Cauliflower Power


March 12, 1995|By MIKE KLINGAMAN

I'm going to grow cauliflower this year. No, I'm not. Yes, I am. At least I'm going to try. There are no guarantees when it comes to raising cauliflower, the fussiest of all crops.

Some vegetables are easy to grow: beans, radishes and tomatoes come to mind. Lettuce is a no-brainer, providing the plants are thinned correctly. But cauliflower? A more demanding veggie, there isn't.

Here's a plant that doesn't like hot weather and can't stand the cold. A plant that can't abide wet feet but won't tolerate dry. A plant that requires close supervision but squawks at being disturbed.

Cauliflower is unforgiving, too. Make one mistake in nursing it along and you can kiss the harvest goodbye. Cauliflower is a delicate plant that will use any excuse to produce disappointing heads, or curds. Forget to water it just once, or disturb the roots while weeding, and the plant goes into a permanent pout.

Give it TLC (Tender Loving Care) or risk TLC (Tiny Little Curds).

Why bother fooling with such a high-strung vegetable? Cauliflower is petulant, precocious . . . and positively scrumptious when raised in one's own back yard. Expensive supermarket produce pales beside the mild, sweet taste of home-grown cauliflower.

The trick is in raising heads that are bigger than a boutonniere.

I had one bumper crop 10 years ago -- big, creamy heads of cauliflower, many weighing 2 pounds or more. Each was the size of a man's cerebellum which is, after all, what the curd resembles.

I've never been squeamish about eating a plant that resembles one's gray matter. Not so Beth, my daughter. During that banner year, whenever I lugged another cauliflower into the house, she'd holler, "Mom! Daddy's growing brains again!"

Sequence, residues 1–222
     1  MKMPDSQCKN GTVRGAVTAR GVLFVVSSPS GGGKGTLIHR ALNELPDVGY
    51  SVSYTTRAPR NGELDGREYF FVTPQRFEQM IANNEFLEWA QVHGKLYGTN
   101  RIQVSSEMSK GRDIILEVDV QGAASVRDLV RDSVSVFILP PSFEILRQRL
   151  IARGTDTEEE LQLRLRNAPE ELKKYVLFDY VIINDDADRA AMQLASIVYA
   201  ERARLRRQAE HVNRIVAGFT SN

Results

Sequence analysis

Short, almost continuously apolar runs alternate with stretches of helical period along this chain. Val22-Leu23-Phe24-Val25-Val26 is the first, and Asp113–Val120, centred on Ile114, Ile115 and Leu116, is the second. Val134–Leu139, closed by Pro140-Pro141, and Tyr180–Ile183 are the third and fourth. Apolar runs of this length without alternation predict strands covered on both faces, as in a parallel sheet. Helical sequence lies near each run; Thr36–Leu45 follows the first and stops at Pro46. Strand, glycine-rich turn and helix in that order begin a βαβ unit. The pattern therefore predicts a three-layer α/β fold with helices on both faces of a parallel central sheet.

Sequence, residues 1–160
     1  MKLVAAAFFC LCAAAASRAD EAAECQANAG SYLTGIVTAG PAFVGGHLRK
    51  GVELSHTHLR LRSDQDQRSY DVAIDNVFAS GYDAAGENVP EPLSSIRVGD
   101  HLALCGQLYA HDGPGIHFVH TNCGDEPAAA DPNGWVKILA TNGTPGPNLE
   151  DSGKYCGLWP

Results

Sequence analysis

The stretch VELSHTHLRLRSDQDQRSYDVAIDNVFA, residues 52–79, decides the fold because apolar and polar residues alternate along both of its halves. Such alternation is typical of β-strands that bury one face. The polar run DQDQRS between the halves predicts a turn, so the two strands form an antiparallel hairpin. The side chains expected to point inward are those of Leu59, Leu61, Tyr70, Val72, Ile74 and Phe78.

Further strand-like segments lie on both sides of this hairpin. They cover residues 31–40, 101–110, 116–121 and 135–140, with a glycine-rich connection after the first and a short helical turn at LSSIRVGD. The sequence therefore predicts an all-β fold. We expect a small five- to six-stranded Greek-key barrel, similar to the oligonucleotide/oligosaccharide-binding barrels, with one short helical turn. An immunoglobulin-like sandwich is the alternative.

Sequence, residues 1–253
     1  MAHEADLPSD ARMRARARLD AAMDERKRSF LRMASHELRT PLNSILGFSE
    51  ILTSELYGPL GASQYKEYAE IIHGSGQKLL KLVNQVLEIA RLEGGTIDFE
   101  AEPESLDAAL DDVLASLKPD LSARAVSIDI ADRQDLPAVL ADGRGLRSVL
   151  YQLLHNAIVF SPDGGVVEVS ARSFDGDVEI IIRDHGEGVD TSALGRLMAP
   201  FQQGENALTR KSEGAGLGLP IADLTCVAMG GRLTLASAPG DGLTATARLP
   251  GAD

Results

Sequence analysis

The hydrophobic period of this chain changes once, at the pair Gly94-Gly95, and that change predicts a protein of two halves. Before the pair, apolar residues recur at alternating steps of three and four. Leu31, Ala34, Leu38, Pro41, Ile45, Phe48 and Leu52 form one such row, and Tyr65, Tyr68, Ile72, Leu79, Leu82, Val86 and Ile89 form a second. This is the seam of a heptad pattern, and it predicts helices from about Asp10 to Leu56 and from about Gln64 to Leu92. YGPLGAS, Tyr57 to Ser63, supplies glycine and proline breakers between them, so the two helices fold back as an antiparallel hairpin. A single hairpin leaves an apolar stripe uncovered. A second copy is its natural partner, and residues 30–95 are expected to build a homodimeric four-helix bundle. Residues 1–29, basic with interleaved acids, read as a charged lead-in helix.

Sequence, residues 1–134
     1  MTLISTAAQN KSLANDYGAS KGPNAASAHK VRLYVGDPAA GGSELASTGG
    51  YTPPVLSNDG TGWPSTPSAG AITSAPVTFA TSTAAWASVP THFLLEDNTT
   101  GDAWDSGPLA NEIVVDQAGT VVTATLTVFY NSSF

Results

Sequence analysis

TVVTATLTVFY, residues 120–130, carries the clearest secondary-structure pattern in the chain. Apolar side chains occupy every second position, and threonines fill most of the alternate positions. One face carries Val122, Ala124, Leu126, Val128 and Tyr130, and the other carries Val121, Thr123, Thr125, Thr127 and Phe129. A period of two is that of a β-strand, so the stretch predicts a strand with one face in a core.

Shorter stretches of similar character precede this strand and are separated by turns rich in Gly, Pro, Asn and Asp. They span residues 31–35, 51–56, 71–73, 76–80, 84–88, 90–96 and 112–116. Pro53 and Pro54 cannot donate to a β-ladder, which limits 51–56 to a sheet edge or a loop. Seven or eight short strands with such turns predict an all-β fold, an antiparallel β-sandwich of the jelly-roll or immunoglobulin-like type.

I wish I had the smarts to grow those brains once more. Recent harvests have produced disappointing yields of scrawny mini-heads. Once, while preparing for a night on the town, I pinned one of those tiny things to my lapel as a joke. My wife was not amused. She made me eat the cauliflower en route to the restaurant.

Nine straight meager harvests have dampened my enthusiasm for raising this vegetable, a member of the cabbage family. Yet I struggle on, intent on cultivating the majestic cauliflower, which Mark Twain called "a cabbage with a college education."

I obey all the rules, honor all the quirks of this prissy plant. I raise my own cauliflower from seed, in individual peat pots, so as not to disturb the sensitive roots. Serious gardeners avoid store-bought seedlings, which are treated roughly by commercial growers and sold in market packs that must be ripped apart, literally, for backyard planting. You might as well plant a stone.

I transplant my seedlings to the garden when they are no more than 3 inches tall. Transplanting larger seedlings disturbs their sensitive roots and can trigger production of tiny cauliflower heads, a process known as "buttoning."

My seedlings go into the ground on May 1, exactly two weeks before the date of the last average frost in my area. Cauliflower has specific temperature demands, growing best between 58 and 68 degrees Fahrenheit. Any extremes in the weather can cause buttoning.

(Before transplanting cauliflower, make certain each seedling has a central bud, or growth tip. Plants without these buds have gone "blind" and are useless.)

Cauliflower must grow fast to form large, succulent heads. Create a saucerlike depression around the base of each plant, and give the plant 1 inch of water each week -- without fail. Any less can cause buttoning.

Mulch the plants well and weed them carefully. Remember those fussy roots? Disturbing them can cause . . . the b-word.

Shield plants from insect damage with floating row covers, which are available at garden centers. When the cauliflower heads are egg-sized, blanch them with their own leaves by lifting the foliage over the heads and securing them with loose-fitting cloth strips or rubber bands.

Harvest cauliflower when the heads are between 6 and 12 inches across, and remember to parade your crops around the neighborhood.

P.S. If you've got a surplus, give me a call. I'll drive out to pick it myself. Just look for the guy with the funny-looking boutonniere.

Baltimore Sun Articles
Please note the green-lined linked article text has been applied commercially without any involvement from our newsroom editors, reporters or any other editorial staff.